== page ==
A New Role for Histamine H2-Receptors in Asthmatic Airways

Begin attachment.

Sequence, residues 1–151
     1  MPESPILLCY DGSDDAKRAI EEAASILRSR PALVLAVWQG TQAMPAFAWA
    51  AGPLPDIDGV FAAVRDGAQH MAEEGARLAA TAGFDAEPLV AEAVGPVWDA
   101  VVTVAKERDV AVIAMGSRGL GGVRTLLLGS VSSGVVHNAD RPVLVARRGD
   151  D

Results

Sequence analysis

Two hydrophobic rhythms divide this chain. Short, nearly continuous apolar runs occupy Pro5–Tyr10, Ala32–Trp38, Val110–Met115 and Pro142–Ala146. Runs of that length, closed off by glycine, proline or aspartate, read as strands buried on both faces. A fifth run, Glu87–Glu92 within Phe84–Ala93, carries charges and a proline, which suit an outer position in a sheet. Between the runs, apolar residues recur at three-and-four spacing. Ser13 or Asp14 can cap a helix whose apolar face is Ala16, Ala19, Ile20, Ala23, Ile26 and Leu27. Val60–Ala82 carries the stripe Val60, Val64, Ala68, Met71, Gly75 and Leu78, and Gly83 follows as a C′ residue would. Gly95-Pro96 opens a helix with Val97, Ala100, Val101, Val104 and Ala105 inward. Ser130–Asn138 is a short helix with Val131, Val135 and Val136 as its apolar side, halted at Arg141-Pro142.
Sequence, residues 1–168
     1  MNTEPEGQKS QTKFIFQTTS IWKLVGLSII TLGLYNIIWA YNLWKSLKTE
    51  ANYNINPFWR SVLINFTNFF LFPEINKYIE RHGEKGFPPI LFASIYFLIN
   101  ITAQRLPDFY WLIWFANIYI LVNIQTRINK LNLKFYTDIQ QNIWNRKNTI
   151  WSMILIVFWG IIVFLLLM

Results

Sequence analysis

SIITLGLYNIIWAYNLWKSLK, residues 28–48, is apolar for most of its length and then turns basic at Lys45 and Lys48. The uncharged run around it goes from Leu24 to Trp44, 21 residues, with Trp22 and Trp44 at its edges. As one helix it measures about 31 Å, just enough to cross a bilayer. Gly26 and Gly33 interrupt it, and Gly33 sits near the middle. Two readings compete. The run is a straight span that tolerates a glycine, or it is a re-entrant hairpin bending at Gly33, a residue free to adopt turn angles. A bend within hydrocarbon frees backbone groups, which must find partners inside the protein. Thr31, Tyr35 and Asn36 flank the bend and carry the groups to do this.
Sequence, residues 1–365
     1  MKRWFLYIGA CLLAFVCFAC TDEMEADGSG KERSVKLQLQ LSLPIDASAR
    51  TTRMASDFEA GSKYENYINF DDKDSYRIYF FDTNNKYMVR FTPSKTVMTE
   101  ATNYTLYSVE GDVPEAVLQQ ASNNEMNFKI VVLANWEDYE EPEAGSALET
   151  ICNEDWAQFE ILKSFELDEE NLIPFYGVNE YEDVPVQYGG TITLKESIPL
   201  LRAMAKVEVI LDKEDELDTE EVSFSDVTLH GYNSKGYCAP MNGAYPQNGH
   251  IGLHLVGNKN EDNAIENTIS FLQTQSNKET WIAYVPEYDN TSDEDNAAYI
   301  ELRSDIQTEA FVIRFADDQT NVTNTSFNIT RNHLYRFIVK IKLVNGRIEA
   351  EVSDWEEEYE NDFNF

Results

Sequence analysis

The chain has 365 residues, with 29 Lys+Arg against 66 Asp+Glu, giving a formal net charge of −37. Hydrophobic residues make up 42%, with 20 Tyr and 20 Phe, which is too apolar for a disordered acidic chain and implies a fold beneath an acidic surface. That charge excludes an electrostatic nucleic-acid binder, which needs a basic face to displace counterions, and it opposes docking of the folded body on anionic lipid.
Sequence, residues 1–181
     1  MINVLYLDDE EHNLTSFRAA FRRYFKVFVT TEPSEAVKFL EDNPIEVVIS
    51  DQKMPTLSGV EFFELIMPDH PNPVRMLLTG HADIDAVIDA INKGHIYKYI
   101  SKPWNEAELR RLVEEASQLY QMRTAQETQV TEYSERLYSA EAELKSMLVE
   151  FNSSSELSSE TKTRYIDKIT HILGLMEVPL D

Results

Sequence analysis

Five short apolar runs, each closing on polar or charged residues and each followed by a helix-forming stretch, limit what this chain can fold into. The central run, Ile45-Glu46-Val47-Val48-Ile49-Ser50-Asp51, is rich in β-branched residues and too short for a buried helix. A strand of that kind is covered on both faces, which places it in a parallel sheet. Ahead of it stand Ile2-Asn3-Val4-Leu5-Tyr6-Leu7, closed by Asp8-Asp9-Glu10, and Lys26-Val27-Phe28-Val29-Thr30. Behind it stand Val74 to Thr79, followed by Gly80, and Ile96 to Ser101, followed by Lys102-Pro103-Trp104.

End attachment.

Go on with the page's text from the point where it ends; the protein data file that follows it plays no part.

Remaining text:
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Histamine tachyphylaxis develops with repeated inhalation of histamine in asthmatic subjects, and this appears to be due to the release of inhibitory prostaglandins. The purpose of this study was to determine whether histamine H2-receptors are also involved in the development of this protective effect in the airways. Seven subjects with mild asthma were studied on 2 days separated by at least 1 wk. On both days, three histamine inhalation tests were performed, separated by 1 h. The response was expressed as the provocative concentration of histamine causing a 20% decrease in FEV1 (histamine PC20). Before each study day subjects were pretreated with placebo or cimetidine (300 mg twice a day) for 3 days in a double-blind, randomized, crossover study. Cimetidine pretreatment had no effect on either baseline FEV1 or on baseline histamine PC20 (p = 0.461). After pretreatment with placebo, histamine tachyphylaxis occurred in all subjects; the mean PC20 increased from 3.01 mg/ml (%SD, 1.44) to 4.88 mg/ml (%SD, 1.68) and to 6.84 mg/ml (%SD, 1.68). Cimetidine pretreatment prevented histamine tachyphylaxis; the mean PC20 was 2.72 mg/ml (%SD, 1.77), 3.03 mg/ml (%SD, 1.73), and 3.56 mg/ml (%SD, 1.59) with repeated tests. These values differed significantly from placebo for both the second (p = 0.014) and third (p = 0.001) tests. This study demonstrated that cimetidine pretreatment prevents histamine tachyphylaxis and suggests that histamine tachyphylaxis occurs through stimulation of histamine H2-receptors in the airway.
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